The Tennessee and USS West Virginia were nested forward of the USS Arizona with the USS West Virginia outboard.
Tom believes he is alive today because the West Virginia shielded the Tennessee from being hit.
He told q13fox.com, “With these torpedoes coming in, I was very fortunate that we were inboard. We had the West Virginia protecting us. And the Maryland was in front of us, and she took a bomb through the bow of the ship.”
Five aboard the Tennessee were killed, including Tom’s friend Gene Rowe, who was hit by a fragment that went around a shield on an anti-aircraft gun he was manning at a topside station.
Before being transferred to the boiler room, Tom had been a crew member there, too.
Veteran George Westover, in a 2010 interview with The Tennessean daily newspaper in Nashville, said shrapnel flew everywhere. Two bombs, although not properly detonated, hit the USS Tennessee.
“It was pretty hectic, chaotic,” George said. “I remember running back and forth and passing ammunition and trying to do three things at once.”
Tom enlisted at 18 in the Navy for a six-year tour in summer 1940 and served aboard the USS Tennessee from 1940-1942.
He can doubly count his blessings as his request to serve on the USS Arizona to be with a high school friend was denied.
Pearl Harbor is the final resting place for 2,403 American service members and 68 civilians. And 1,178 others were wounded.
Sticking by his battle station until night fall on Dec. 7, he was sent to refill a 5-gallon container of drinking water and detoured up on deck.
The startling sight of a completely blacked out Honolulu has stuck with him: no night lights visible anywhere, just fires raging aboard the Arizona and other ships.
The crew lit off Tennessee’s boilers in preparation to sail away, as is standard at general quarters, Tom said.
However, the West Virginia, now sunk and immovable on the outside, pinned his ship against the bulkhead.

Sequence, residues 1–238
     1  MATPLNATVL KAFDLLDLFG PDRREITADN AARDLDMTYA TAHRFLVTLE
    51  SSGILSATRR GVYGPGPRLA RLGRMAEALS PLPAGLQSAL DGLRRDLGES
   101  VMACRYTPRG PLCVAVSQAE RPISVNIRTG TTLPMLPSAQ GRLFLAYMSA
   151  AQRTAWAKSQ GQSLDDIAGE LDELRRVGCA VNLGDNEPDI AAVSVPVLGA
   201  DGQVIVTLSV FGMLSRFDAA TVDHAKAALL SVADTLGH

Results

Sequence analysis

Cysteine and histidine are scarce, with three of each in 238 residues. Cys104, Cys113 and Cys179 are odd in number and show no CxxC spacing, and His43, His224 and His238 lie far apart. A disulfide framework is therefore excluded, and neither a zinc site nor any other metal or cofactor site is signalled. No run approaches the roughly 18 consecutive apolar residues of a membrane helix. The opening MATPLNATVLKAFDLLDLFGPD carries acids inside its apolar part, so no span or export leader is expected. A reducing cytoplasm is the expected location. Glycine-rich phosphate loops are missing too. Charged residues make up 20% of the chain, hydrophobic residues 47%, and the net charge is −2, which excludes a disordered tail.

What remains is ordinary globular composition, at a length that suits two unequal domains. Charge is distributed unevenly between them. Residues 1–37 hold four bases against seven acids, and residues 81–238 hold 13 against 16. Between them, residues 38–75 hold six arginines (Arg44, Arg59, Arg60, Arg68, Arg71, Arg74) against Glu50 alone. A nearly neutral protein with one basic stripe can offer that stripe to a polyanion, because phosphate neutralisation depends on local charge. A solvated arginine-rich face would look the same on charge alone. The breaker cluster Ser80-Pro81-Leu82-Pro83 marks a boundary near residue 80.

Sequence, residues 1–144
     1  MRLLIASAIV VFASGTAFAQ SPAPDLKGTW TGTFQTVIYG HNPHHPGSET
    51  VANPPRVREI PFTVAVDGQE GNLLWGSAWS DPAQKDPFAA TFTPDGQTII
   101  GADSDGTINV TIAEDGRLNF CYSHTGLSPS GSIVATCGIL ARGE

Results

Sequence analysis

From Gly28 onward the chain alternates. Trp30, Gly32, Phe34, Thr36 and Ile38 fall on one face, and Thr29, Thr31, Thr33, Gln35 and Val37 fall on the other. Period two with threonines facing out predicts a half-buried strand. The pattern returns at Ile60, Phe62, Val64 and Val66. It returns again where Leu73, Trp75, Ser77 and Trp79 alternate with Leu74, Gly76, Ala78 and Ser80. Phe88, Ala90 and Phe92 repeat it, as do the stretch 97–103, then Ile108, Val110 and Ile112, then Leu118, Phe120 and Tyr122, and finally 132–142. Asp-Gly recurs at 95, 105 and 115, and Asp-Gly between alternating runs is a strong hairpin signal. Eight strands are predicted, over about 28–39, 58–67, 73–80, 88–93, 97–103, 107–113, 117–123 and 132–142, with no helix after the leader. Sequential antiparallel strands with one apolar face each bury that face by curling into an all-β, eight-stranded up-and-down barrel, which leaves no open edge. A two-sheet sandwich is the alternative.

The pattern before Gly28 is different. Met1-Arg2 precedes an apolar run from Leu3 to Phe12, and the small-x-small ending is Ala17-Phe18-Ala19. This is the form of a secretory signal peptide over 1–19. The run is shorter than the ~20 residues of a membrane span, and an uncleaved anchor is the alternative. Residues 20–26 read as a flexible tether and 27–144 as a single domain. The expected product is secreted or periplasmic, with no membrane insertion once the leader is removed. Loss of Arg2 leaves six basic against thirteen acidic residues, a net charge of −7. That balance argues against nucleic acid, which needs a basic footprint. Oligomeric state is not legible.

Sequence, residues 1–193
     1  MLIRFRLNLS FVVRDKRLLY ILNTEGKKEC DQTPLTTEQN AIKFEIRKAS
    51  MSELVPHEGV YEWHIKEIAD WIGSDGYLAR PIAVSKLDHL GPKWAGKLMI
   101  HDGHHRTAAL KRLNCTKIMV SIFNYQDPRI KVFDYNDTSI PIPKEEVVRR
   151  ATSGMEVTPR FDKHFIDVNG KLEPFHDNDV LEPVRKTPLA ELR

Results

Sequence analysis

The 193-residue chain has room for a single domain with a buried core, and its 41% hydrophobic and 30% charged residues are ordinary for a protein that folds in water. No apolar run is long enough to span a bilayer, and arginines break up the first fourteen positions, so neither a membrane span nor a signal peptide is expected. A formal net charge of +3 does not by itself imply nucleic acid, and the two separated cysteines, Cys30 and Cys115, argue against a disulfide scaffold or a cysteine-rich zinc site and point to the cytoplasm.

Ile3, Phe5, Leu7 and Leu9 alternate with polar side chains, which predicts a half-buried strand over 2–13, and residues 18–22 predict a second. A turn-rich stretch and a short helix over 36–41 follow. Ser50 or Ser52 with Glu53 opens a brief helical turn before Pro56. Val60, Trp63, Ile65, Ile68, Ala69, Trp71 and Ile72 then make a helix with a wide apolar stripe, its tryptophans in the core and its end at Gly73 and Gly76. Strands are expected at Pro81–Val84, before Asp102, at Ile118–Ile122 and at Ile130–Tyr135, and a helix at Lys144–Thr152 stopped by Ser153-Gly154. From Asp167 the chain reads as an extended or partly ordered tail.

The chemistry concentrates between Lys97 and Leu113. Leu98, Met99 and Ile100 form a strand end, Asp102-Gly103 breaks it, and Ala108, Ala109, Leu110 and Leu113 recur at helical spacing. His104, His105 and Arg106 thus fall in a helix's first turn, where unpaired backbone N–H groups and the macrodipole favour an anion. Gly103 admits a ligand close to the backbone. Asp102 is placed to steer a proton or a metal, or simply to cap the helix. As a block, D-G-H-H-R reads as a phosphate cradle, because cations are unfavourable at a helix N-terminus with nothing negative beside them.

Crew ran Tennessee’s screws/propellers, which kept oil and flames away.
They stayed at a heightened state of defensive readiness on general quarters until sometime on Dec. 8 for fear of another imminent attack.
The crew received small arms in the event they had to repel boarders if the Japanese entered the harbor after the initial attack, Tom said.
On the main deck the next morning, Tom reported wading knee-deep through 5-inch in diameter/18-inch long anti-aircraft shell casings.
Intense heat from firing the Mark 12 38-caliber guns melted the paint, which hung off the weapons’ barrels in shreds.
Tennessee sustained minor damage, was repaired and operated off the U.S. West Coast in 1942.
In 1943, Tennessee and many of the older battleships built in the 1910s-1920s were thoroughly retrofitted to prepare them for operations in the Pacific Theater and in June-August, Tennessee provided gunfire support to troops fighting to retake the islands in the Aleutian Islands Campaign.
The Gilbert and Marshall Islands Campaign followed from November 1943-February 1944, including the Battles of Tarawa, Kwajalein, and Eniwetok. In March, Tennessee raided Kavieng to distract Japanese forces during the landing on Emirau and from June-September, she fought in the Mariana and Palau Islands.
Historian Bess Taubman reported in “My Pearl Harbor Scrapbook” that Tennessee participated in 13 battles in the war, more than any other battleship in the Navy.
Wishing to use it as a memorial, the state of Tennessee in 1959 tried but was unable to obtain the ship from the Navy, which determined it couldn’t sail up the Mississippi River. It was sold as scrap.
Later, Tom completed a mechanical engineering degree from the University of Washington on the GI Bill.
He retired from that profession in 1977.
Tom was honored at Pearl Harbor on Dec. 7, 2019, as parade grand marshal. He and Lesa have attended all nine official Pearl Harbor parades in Honolulu, she said.
His attendance at the events serves to connect him with other survivors and make new friends.